|Kunitz still unlikely to play for Ducks in Stanley Cup finals|
|Written by Admin|
|Friday, 01 June 2007 12:06|
Kunitz had surgery in mid-May after he broke a bone in his right hand during Game 1 of the Western Conference finals at Detroit. He was all but ruled out for the rest of the playoffs, but his presence still leaves the door open that he might be able to help Anaheim at some point against the Ottawa Senators.
``I haven't talked to the doctors, but I think it's doubtful because of the situation with his hand,'' Ducks coach Randy Carlyle said Friday on the eve of Game 3 of the Stanley Cup finals. ``I saw him in the training room trying to get some adjustment made and whatnot.
``So I would still say until we get clearance from a doctor, and that's first and foremost, then the decision has to be whether he's in game shape or his hand is this or that. But at this point we're nowhere near that.''
Kunitz had a goal and five assists in the Ducks' first 11 playoff games before the injury. He had 25 goals and 35 assists during his second full NHL regular season.
NOSE OUT OF JOINT: Senators forward Mike Comrie's nose is fine, but he's still not happy after being bloodied by an elbow from Ducks defenseman Francois Beauchemin in the third period of Game 2 on Wednesday.
``It was a dirty play,'' Comrie said, describing how he was without the puck along the boards in the Anaheim zone when he was caught flush in the face. ``I turned into him, but you still have to be conscious of the play. The puck wasn't around.''
Beauchemin wasn't penalized on the play. Comrie, meanwhile, missed a couple of shifts while trainers attended to his bloody nose.
DON'T TREAD ON ME: With the increased number of reporters in attendance, the Senators have taken to protecting their logo that's printed on the red carpet in the team's locker room.
The Senators previously had a staff member stop anyone from stepping on the logo. On Friday, the team put up two tension barriers to block access to the middle of the room.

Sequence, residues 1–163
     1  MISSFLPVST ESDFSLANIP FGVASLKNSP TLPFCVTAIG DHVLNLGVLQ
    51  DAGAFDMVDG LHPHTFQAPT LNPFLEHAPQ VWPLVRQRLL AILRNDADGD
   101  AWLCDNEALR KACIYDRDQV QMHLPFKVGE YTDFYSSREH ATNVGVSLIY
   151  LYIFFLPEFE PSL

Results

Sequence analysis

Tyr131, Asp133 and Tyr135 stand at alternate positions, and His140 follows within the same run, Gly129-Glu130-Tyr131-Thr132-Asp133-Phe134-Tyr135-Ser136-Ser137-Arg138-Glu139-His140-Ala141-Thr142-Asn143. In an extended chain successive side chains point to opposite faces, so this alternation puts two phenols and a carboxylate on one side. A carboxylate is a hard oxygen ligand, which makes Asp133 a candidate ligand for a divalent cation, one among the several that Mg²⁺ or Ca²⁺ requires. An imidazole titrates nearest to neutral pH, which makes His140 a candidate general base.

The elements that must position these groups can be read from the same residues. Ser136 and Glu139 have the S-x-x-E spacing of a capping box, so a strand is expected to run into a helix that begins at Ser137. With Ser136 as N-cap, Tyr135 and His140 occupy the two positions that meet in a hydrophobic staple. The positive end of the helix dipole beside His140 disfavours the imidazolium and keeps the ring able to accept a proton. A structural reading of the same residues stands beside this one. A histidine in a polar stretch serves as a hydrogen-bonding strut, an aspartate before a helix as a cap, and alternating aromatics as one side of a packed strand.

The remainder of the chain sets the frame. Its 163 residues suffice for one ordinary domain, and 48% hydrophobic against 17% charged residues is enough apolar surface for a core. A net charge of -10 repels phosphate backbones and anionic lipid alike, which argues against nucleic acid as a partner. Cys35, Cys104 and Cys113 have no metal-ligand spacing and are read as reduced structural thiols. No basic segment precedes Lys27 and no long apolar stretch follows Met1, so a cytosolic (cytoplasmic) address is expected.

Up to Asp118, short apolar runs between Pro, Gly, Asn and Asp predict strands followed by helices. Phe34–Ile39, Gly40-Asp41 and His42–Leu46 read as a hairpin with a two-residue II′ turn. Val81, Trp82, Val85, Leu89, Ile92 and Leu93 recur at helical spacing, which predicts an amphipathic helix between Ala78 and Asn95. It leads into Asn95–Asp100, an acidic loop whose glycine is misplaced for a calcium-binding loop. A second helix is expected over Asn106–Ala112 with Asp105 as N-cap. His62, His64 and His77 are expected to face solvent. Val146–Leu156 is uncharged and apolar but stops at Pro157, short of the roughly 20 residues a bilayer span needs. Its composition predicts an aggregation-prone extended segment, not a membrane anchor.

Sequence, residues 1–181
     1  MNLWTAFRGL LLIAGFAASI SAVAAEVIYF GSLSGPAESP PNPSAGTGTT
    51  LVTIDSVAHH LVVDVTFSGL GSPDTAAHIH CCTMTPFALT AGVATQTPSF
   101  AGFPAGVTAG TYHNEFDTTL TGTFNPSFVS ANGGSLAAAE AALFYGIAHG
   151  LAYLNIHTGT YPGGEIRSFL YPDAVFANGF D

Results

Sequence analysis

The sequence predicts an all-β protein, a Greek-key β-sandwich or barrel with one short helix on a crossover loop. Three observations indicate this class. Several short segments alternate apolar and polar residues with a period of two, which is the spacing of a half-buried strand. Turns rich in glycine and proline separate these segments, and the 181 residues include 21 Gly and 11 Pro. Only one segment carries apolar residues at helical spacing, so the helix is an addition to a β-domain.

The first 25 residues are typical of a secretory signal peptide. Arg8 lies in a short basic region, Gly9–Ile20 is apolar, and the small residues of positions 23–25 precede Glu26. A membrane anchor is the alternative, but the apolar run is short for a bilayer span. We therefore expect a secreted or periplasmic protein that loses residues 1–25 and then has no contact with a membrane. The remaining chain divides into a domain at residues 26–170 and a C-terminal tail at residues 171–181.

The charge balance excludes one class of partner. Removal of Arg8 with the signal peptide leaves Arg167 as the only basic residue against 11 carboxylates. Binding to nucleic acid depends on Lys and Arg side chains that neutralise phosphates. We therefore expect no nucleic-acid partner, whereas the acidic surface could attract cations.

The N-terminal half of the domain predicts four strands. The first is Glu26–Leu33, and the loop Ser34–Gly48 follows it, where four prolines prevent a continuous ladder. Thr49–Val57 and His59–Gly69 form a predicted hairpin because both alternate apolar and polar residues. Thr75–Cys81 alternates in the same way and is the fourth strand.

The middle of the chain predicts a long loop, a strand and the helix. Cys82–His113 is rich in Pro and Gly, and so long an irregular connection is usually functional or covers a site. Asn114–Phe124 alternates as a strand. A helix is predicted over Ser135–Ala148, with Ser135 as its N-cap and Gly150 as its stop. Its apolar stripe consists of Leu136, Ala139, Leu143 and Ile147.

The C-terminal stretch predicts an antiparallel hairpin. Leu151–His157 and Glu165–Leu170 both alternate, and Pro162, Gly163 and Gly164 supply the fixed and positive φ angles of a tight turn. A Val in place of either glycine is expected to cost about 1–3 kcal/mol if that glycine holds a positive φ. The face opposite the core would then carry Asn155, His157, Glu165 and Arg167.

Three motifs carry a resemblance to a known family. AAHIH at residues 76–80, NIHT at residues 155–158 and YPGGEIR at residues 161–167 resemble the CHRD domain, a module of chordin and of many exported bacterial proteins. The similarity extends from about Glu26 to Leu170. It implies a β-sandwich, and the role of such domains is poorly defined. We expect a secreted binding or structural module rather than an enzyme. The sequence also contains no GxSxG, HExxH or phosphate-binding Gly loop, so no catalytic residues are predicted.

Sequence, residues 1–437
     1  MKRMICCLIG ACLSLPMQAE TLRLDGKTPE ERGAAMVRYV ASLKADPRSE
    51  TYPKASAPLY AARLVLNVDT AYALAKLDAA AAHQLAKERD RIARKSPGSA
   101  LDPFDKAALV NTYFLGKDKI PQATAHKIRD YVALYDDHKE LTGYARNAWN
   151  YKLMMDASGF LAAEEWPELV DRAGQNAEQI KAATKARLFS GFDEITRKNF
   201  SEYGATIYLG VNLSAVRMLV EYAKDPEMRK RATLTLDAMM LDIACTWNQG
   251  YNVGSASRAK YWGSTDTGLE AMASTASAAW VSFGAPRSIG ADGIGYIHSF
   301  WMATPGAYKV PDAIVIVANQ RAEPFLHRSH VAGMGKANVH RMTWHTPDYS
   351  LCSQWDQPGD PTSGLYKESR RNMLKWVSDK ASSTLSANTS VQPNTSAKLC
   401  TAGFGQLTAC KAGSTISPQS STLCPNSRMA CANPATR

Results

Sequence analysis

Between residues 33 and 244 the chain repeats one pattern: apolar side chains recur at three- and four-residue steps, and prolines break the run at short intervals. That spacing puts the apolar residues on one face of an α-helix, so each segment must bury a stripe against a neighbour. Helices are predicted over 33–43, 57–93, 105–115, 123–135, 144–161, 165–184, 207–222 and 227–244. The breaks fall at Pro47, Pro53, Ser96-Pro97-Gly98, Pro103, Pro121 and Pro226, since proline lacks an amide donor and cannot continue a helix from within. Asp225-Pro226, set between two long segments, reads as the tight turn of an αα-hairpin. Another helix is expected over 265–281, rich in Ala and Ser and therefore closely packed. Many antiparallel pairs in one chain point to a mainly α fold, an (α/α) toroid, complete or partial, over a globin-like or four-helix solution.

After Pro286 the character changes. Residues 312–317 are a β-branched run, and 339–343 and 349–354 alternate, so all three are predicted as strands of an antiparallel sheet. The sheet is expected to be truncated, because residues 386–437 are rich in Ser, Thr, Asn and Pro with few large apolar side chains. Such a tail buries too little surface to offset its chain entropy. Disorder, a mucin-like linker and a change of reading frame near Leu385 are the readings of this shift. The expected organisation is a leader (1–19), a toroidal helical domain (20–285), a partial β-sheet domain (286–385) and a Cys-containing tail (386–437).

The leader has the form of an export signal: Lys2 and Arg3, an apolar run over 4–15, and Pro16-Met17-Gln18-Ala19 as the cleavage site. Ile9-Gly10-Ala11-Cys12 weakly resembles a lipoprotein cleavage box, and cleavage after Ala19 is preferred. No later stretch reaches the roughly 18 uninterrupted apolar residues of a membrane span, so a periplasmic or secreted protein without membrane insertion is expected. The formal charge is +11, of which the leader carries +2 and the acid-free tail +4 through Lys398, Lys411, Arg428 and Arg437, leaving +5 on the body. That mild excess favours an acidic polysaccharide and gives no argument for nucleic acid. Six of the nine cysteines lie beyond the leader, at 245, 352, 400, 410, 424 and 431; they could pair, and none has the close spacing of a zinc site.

``Makes my job easier,'' a Senators staff member said.
COLD DRAFT: Back in 1993, the Ottawa Senators had the No. 1 pick in the NHL draft and a chance to take big defenseman Chris Pronger.
They decided to go with enigmatic forward Alexandre Daigle instead. It is safe to say they wish they could get a do-over on that one.
Daigle came to the Senators in their second season in the NHL when he was only 18. Expected to be the big-time scorer he was in junior hockey, Daigle never blossomed and got swallowed up in Ottawa.
He played parts of five seasons with the Senators before being traded to Philadelphia in 1998. Daigle bounced around to Tampa Bay and the New York Rangers and then retired after the 1999-2000 season.
He came back with Pittsburgh after a two-year absence, splitting time in the AHL. He moved to Minnesota and posted 20 goals and 31 assists in the season before the lockout. When he came back to the Wild, he turned into a part-time player and netted five goals and 28 points last season.
The now 32-year-old Daigle played in the Swiss Elite League this season and expects to be back there in the fall. All in all, Daigle has 129 goals and 198 assists in 616 NHL games. He never came close to the Stanley Cup finals, appearing in only 12 career playoff games.
On the flip side, Pronger - chosen No. 2 by Hartford - is in the finals for the second straight year after getting there with Edmonton in 2006. He is tied for the team lead in the playoffs with 14 points, and is a finalist for the Norris Trophy, given to the NHL's best defenseman in the regular season, an award he won in 2000 with St. Louis - the same year he was the MVP of the league.
``Funny how things work out, eh?'' Pronger said with a smile and laugh Friday. ``I guess my response is still the same. We'll see what happens in 10 or 15 years. I guess it's come full circle.''